On Monday, Chinese State Councilor Yang Jiechi arrived in Vietnam for a scheduled meeting with a broad-based agenda. Yang, who outranks China’s foreign minister, met with senior Vietnamese leadership, including President Tran Dại Quang and Vietnamse Communist Party General-Secretary Nguyen Phu Trong.
Yang’s visit is an instance of particularly high-level outreach to Hanoi before the Hague-based Permanent Court of Arbitration delivers a widely anticipated verdict on the status of various maritime features in the South China Sea in the case Philippines v. China.
In Vietnam, Yang was quoted by Chinese state media as having suggested that Vietnam and China “appropriately handle relevant disputes and problems.” Yang, the Vietnamese foreign ministry noted, discussed “controlling conflicts well, boosting negotiation mechanisms … and finding basic and long-term solutions that both sides can accept through peaceful exchanges and negotiations,” according to Reuters.Enjoying this article? Click here to subscribe for full access. Just $5 a month.
China has been engaged in a spate of international diplomacy ahead of the verdict, reaching out to countries near and far to seek their support for its position ahead of the upcoming verdict. Beijing has refused to participate in the tribunal’s proceedings or recognize the legitimacy of the case. Instead, Beijing has said that disputes in the South China Sea should be diplomatically address between the involved parties in a bilateral setting.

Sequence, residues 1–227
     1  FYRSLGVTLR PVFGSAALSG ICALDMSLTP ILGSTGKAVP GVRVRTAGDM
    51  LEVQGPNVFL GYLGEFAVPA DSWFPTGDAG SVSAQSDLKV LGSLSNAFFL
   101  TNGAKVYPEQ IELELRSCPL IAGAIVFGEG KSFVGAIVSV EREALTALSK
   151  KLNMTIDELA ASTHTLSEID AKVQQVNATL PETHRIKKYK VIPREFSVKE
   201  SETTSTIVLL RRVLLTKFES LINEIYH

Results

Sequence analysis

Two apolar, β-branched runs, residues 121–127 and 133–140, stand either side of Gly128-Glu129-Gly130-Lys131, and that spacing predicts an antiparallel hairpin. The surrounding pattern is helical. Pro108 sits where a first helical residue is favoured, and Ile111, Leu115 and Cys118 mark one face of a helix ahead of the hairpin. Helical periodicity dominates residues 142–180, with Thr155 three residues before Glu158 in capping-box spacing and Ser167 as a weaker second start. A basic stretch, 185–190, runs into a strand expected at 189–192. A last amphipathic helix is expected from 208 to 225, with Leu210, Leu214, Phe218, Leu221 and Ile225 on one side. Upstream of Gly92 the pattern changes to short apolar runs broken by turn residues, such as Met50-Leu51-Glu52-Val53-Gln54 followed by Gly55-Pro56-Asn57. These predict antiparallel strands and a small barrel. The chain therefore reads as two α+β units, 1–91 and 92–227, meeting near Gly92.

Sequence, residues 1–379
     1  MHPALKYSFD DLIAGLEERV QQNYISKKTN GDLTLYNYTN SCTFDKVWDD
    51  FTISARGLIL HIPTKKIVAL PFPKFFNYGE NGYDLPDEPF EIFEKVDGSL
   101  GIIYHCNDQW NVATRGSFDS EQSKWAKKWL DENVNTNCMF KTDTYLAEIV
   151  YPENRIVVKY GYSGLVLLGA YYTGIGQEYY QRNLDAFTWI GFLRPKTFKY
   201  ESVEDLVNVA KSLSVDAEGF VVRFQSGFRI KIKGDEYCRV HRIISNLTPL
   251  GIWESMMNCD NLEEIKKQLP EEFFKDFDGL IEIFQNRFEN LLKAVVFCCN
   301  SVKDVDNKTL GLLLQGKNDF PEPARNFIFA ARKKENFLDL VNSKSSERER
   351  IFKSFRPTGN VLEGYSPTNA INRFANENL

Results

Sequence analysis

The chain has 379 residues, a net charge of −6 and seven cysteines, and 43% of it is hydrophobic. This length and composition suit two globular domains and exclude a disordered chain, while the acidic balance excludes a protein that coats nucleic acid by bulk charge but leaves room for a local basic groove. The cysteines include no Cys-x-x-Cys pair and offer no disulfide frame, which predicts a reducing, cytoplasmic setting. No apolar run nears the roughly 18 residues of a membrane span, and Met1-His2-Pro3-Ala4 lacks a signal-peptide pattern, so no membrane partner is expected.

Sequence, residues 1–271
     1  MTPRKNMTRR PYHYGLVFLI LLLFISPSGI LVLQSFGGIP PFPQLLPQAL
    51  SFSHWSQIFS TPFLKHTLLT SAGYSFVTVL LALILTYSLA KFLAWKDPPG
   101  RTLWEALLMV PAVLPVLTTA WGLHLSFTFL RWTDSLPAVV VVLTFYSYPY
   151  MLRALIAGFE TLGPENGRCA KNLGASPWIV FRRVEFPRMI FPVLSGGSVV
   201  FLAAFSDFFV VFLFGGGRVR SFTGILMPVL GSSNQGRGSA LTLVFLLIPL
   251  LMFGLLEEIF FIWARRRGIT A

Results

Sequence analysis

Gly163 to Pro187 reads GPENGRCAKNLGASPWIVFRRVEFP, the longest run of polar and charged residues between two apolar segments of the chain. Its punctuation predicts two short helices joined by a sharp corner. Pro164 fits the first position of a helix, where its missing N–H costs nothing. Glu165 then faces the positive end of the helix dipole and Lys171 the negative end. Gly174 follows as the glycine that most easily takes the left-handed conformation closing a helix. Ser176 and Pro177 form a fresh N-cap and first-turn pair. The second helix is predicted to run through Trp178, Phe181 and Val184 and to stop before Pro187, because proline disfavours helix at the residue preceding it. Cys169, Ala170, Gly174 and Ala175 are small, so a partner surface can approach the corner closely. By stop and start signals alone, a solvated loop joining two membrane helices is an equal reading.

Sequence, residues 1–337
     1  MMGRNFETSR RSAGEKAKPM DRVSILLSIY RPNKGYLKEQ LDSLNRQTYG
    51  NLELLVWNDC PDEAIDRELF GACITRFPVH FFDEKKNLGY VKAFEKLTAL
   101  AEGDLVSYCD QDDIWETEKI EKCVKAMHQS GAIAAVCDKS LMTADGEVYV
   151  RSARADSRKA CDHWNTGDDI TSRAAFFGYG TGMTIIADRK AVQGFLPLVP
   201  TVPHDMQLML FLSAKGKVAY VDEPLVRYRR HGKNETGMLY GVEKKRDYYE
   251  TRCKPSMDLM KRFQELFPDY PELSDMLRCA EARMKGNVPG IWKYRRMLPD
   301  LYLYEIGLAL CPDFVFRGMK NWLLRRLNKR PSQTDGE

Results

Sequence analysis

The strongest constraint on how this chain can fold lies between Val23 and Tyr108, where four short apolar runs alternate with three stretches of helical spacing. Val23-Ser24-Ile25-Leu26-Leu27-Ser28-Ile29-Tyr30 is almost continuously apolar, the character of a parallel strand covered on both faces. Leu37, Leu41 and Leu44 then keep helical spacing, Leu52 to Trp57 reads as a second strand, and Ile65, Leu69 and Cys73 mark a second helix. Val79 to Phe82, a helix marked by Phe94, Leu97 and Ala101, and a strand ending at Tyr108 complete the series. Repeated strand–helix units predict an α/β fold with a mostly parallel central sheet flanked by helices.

Vietnam and China have seen flare-ups over their own disputes in the South China Sea, which center mostly around the Chinese-occupied Paracel Islands. Woody Island, China’s most militarized South China Sea possession, home to surface-to-air missile systems and fighters, is in the Paracel Islands.
In the summer of 2014, China and Vietnam saw a major diplomat stand-off over Beijing’s placement of an oil rig in disputed waters. Incidents that year include widespread anti-Chinese protests in Vietnam and aggressive maneuvers against Vietnamese civilian boats by Chinese Coast Guard and fishermen alike.
In 2014, as The Diplomat discussed at the time, Yang Jiechi was one of the first Chinese envoys who traveled to Vietnam to mediate a draw down in tensions amid the 2014 crisis. At the time, Yang had “strongly advised Vietnam not to take legal action against China in the interest of repairing bilateral relations,” Carl Thayer wrote in The Diplomat.
So far, China’s diplomatic push for recognition of its position on the South China Sea hasn’t quite gone to plan, with just eight states having publicly come out in support of Beijing’s position. Yang’s trip to Vietnam was likely less about convincing Hanoi–a claimant and one with a fraught recent history with China–to come around on the South China Sea.
Rather, China wants to make it amply clear that Vietnam shouldn’t get any ideas in the wake of what is likely to be a favorable verdict for the Philippines at the Permanent Court of Arbitration and file its own legal proceedings. Yang had emphasized as much back in 2014 and his latest trip likely involved the reiteration of that message.